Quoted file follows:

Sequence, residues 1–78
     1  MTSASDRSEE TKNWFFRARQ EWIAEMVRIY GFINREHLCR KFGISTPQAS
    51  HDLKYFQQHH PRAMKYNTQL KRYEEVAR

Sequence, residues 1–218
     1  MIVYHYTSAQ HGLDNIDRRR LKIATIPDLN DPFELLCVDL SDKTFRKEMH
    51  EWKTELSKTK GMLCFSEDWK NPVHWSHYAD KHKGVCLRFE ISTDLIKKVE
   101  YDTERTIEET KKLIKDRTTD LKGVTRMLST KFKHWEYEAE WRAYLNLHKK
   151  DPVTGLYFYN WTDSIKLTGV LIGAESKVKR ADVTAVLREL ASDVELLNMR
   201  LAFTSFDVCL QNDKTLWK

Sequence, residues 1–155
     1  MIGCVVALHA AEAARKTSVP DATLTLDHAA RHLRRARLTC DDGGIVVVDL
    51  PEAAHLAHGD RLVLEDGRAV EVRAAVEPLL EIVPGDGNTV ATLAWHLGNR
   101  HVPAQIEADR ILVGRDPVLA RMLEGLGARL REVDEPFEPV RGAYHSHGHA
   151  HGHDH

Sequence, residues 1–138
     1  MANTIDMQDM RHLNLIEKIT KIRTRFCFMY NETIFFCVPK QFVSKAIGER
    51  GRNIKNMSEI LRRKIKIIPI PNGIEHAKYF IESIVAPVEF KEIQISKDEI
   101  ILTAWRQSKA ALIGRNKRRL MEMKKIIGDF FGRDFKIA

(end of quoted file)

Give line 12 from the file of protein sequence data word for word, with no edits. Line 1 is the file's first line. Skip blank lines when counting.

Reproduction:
    51  PEAAHLAHGD RLVLEDGRAV EVRAAVEPLL EIVPGDGNTV ATLAWHLGNR